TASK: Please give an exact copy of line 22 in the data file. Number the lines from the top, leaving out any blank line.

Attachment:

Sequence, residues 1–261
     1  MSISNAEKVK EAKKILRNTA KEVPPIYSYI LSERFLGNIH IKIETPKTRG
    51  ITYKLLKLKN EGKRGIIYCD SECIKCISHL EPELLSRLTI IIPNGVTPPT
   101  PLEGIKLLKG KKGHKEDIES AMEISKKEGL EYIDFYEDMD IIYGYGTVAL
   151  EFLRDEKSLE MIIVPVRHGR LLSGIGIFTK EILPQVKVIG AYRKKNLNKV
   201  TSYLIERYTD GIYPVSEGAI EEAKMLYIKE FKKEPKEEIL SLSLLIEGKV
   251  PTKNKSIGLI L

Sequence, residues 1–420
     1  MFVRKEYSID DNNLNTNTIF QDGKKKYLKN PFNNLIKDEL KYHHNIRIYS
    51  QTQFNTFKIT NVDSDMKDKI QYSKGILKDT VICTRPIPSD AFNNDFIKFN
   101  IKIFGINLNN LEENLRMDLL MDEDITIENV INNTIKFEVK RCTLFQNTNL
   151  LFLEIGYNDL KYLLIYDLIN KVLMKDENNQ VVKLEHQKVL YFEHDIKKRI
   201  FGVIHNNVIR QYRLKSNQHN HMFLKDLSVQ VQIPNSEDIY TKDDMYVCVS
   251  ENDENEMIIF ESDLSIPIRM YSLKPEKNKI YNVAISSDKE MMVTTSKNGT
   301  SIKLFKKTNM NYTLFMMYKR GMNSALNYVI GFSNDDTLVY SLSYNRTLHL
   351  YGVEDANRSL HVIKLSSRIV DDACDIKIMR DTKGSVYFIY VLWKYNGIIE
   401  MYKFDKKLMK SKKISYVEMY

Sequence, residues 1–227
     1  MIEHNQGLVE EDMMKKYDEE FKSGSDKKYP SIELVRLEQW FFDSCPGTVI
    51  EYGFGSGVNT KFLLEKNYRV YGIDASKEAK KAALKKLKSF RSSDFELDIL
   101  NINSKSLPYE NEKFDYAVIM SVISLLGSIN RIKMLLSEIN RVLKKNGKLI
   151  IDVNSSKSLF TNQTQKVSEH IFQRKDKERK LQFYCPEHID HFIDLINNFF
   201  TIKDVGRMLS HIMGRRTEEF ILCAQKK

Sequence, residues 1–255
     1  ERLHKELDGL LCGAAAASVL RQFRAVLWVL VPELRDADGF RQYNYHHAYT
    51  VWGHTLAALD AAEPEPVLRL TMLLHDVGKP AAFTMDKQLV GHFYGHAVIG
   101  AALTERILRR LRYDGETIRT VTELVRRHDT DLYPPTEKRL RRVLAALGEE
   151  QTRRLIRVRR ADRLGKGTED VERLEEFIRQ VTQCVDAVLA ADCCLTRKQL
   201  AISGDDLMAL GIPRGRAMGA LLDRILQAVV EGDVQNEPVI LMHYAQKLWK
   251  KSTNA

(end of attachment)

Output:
   151  IDVNSSKSLF TNQTQKVSEH IFQRKDKERK LQFYCPEHID HFIDLINNFF